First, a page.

Village to celebrate “Gabby Day” — “It’s nice to be nice. Try it!”
- Published: August 2, 2018
He fed people’s children. He fed those without money. He fed human rights organizers. He fed members of a diverse social club.
Whether from his home on South Stafford Street, his downtown restaurant, a Clifton speakeasy, or any number of gatherings, “Gabby” Mason fed people.
And though it was his legendary barbecue that filled their bellies, it was his kindness that fed their spirits. Decades later, Gabby is remembered as much for his generosity as his cooking.
“Everybody loved him and he loved everybody,” recalled Neal Crandall, who knew Gabby in the 1980s.
“He was very humble and unassuming — he exuded love,” said Sam Eckenrode, whose first experiences with Gabby came as a teen in the 1960s.
“He didn’t care who you were — you could have a lot of money or you could have nothing — and you were the same worth,” said Pam Davis, who met Gabby in the late 1970s.
Gabby even had a catchphrase that exemplified his kindness: “It’s nice to be nice. Try it!”
For the third time, Yellow Springs will celebrate Gabby Day in honor of the late Ellie “Gabby” Mason, who died in 1996 at age 72.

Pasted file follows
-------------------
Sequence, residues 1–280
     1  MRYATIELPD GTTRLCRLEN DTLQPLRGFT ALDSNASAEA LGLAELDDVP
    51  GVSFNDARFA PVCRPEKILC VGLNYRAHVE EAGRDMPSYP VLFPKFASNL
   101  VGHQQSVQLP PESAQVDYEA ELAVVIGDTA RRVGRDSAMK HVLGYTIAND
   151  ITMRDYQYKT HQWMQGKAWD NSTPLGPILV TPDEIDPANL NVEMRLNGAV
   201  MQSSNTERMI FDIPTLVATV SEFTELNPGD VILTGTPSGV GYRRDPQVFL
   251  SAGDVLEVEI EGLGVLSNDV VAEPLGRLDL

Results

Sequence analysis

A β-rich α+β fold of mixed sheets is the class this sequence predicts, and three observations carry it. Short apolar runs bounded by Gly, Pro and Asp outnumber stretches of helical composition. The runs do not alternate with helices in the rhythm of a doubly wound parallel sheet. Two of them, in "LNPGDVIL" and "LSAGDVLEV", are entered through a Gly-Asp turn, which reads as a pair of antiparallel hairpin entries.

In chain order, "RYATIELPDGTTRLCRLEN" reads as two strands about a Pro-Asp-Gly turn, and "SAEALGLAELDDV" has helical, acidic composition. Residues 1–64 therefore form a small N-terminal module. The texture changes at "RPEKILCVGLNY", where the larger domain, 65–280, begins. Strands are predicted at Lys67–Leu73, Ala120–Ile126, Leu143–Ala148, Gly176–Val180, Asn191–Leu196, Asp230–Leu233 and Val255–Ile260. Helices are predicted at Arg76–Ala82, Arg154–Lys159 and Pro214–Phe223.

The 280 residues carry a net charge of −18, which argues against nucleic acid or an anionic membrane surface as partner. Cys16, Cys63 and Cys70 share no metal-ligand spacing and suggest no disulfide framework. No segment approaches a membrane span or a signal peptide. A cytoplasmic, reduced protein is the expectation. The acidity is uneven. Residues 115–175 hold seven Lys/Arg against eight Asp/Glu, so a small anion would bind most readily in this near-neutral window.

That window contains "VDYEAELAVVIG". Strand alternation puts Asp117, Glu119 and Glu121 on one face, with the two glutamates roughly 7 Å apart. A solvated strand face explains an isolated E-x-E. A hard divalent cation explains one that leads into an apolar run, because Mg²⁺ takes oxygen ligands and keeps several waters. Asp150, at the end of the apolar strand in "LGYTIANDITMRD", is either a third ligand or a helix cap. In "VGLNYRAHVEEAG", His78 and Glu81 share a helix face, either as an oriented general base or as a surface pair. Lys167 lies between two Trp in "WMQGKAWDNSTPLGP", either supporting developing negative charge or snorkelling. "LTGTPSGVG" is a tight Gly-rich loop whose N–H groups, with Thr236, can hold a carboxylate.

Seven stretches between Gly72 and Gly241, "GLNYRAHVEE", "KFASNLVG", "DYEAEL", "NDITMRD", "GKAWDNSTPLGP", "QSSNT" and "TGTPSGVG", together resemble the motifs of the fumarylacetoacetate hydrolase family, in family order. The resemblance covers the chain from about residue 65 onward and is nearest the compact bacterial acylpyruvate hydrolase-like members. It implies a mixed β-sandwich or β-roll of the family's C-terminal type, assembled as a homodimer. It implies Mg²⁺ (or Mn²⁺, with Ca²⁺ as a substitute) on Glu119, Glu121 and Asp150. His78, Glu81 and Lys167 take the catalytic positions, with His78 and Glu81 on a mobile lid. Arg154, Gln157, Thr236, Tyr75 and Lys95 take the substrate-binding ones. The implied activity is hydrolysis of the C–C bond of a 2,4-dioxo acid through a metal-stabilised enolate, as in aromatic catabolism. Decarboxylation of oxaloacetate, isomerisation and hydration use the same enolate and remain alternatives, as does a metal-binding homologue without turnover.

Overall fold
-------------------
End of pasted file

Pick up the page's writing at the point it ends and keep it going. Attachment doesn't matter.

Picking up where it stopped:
Organized by several generations of villagers who knew — and loved —him, Gabby Day is Saturday, Aug. 4, from 2 to 6 p.m. at the John Bryan Center, 100 Dayton St. There will be food, games for kids, a bouncy house, a beer tent, DJs — and, of course, plenty of barbecue.
In the style of a family picnic, seating will be both on the lawn (bring your own blanket and chairs) or inside the gym. There will also be an open mic to share Gabby stories and other recollections.
Carmen Lee, one of the lead organizers of the event, said she wanted to revive Gabby Day because of both anxieties in the nation and in the village. The sense of community that Gabby embodied is needed now more than ever, she said.
“There seems to be a need, especially in these times, for community and community-building,” Lee said.
“We don’t know our neighbors anymore,” she went on. “That’s like any other place — you can get that in Kettering or Springfield or Xenia. But I’m not satisfied with that happening here.”
A new generation of villagers can learn from Gabby’s example, especially as Yellow Springs becomes less diverse and tolerant than it once was, Lee added.
Eckenrode is also frustrated that the town is less diverse, open, welcoming and friendly than it once was. While she thought that the diverse and inclusive community of the ‘60s and ‘70s was normal, she later realized it was a “rare pocket of delightfulness in this village.” It can be turned around, but it takes effort, and a nod to exceptional forebears like Gabby, she said.